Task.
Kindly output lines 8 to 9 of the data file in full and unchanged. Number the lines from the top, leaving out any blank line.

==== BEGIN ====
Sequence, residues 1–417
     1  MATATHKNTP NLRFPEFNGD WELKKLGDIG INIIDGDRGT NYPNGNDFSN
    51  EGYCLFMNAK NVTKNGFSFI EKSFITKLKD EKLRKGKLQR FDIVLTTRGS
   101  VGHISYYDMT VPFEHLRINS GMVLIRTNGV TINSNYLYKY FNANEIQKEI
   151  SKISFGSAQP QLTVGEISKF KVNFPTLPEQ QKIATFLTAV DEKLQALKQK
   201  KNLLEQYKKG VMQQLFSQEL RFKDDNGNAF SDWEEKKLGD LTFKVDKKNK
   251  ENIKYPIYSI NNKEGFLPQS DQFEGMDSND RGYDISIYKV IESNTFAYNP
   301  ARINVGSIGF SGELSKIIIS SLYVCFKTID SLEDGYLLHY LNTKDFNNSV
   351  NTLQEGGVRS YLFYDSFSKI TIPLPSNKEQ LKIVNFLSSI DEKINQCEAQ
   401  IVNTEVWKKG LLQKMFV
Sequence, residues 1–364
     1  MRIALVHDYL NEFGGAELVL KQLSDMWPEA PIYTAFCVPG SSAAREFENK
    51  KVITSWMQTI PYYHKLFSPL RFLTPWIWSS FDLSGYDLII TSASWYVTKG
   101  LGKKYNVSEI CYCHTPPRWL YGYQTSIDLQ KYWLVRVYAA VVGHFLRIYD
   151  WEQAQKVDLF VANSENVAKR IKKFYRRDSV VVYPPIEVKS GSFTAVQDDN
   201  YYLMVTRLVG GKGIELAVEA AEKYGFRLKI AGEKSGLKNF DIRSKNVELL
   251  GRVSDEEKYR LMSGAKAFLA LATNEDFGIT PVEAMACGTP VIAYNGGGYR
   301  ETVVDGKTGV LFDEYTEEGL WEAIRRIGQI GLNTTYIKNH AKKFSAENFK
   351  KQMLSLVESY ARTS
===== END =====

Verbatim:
   301  ARINVGSIGF SGELSKIIIS SLYVCFKTID SLEDGYLLHY LNTKDFNNSV
   351  NTLQEGGVRS YLFYDSFSKI TIPLPSNKEQ LKIVNFLSSI DEKINQCEAQ